Christ's Faithful People
1241 - 1254 AD
When after a stormy interval of over seventeen months, the cardinals managed to hold an election at Anagni in June 1243, they quickly elected Sinibaldo de' Fieschi. He chose to be called Innocent IV. With the Emperor still hostile, Sinibaldo seemed a good choice. He had been friendly with Frederick, yet his character indicated that he would be nobody's puppet. Sinibaldo was born in Genoa, the son of the count of Lavagna. After teaching canon law at his alma mater, Bologna, he joined the papal court and rose to be vice-chancellor of Rome, cardinal and bishop of Albenga.
The first problem facing Innocent was to end, if possible, the struggle with Frederick. Hope rose as the Emperor congratulated the new pope and peace negotiations got under way. Soon Innocent released Frederick from censure and Frederick agreed to evacuate the Papal States and release his clerical prisoners. Peace was restored--and high time, for the Mongols threatened Eastern Europe, and in 1244 the Moslems recaptured Jerusalem.
The peace, however, was momentary. Frederick, slow to keep promises, exasperated Innocent by holding on to his clerical prisoners, and still more by stirring up trouble at Rome. His patience exhausted, Innocent fled to Lyons and called a council to meet there in 1245. This First Council of Lyons, the thirteenth ecumenical, passed some reform decrees, but the outstanding event was the condemnation and deposition of Frederick II.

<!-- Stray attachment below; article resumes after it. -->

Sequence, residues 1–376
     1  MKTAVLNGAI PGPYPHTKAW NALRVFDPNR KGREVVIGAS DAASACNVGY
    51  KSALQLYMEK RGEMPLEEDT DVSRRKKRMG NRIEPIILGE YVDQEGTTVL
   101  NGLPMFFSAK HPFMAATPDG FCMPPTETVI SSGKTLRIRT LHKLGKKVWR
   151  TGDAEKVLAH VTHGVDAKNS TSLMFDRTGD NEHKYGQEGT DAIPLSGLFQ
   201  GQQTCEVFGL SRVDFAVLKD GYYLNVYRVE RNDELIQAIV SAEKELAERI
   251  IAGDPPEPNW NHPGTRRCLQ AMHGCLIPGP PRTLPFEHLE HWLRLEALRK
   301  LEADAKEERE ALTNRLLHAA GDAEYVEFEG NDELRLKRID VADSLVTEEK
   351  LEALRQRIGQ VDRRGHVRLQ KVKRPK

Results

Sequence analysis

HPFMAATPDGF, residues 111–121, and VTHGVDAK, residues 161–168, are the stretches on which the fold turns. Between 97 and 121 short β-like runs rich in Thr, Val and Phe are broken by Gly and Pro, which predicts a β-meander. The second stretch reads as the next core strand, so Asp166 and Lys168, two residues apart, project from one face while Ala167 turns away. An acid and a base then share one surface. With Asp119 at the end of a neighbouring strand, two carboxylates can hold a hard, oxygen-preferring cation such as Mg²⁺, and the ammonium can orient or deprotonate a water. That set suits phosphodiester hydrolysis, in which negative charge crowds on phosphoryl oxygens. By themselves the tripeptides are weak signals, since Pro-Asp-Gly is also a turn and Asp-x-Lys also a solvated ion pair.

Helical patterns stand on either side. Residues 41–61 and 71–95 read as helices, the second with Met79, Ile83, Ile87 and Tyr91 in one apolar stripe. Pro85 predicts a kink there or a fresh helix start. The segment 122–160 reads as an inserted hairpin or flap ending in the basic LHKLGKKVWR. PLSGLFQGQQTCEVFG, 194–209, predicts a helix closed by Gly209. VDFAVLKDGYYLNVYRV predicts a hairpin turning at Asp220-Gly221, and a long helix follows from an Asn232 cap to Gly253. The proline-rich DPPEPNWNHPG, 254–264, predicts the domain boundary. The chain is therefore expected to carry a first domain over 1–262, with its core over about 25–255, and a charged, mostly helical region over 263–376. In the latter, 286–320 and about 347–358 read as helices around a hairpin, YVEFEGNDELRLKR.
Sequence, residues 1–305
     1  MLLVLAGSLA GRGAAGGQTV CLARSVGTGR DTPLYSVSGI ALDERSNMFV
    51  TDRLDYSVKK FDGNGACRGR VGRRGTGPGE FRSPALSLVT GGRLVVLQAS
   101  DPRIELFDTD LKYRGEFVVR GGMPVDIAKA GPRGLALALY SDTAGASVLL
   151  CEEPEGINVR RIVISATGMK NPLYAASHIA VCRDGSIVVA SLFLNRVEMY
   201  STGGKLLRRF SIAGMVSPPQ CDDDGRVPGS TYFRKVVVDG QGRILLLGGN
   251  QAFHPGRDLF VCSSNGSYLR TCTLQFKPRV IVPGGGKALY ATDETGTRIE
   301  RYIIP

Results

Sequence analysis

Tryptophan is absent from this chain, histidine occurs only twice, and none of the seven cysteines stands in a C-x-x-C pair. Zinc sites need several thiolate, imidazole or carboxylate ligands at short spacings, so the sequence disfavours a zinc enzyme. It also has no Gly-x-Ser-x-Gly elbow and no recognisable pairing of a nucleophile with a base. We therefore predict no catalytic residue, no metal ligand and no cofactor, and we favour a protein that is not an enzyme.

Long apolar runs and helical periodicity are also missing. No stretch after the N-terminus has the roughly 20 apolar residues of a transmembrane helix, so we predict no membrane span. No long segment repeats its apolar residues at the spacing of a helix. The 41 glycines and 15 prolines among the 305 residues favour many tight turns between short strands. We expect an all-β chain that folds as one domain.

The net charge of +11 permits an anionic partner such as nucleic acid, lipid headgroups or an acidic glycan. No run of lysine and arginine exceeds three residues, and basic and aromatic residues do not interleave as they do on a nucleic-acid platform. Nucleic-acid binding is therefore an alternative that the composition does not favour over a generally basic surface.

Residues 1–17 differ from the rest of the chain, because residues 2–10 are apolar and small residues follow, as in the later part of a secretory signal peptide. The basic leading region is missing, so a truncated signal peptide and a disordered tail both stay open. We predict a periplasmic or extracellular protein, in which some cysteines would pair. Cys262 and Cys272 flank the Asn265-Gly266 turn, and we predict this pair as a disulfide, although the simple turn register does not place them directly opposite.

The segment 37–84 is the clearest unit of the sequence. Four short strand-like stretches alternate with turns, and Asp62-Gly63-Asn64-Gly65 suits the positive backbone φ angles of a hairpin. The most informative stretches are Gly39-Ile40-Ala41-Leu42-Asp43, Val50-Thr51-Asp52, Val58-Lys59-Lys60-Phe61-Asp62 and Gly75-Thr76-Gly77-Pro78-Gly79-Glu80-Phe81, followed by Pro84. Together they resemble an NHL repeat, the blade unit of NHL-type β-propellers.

When Frederick heard of his deposition, he is said to have placed a crown on his head and defied the Pope to knock it off. Innocent tried to do just that. He ordered the German nobles to elect a new king, but neither Henry of Thuringia nor William of Holland was able to do much against Frederick's son Conrad. Innocent preached a crusade against Frederick, but St. Louis of France, the only monarch powerful enough, had no stomach for such a crusade. He did go on a crusade, but it was against the Moslems. Though St. Louis protected the Pope at Lyons against imperialist attack, he would go no farther.
Even Frederick's death in 1250 did not bring peace. His son Conrad IV continued the quarrel. Innocent, as suzerain of Sicily, hawked the Sicilian crown around Europe, but with Conrad's halfbrother Manfred holding Sicily in arms, there was no rush of takers. At last at Conrad's death in 1254 hopes rose. Conrad left his baby son to the Pope's guardianship, and Innocent recognized the rights of the little Conrad to Sicily. But Innocent's stormy pontificate was not to end in peace. Manfred revolted and routed a papal army at Foggia. Once more war was kindled. Innocent, gravely ill from pleurisy, died shortly after on December 7, 1254.
This fight of the papacy with the Hohenstaufen might have been necessary to safeguard freedom; it was certainly disastrous. Italy was desolated; papal taxation grew and grew, and with it a loud chorus of complaint. Abuses increased while Innocent was preoccupied with the struggle.
Yet Innocent IV did accomplish something positive. He added significantly to church law. He did a great deal for the rising universities. He sent missionaries to the Mongols, and he defended the Jews from the ridiculous charge of ritual murder.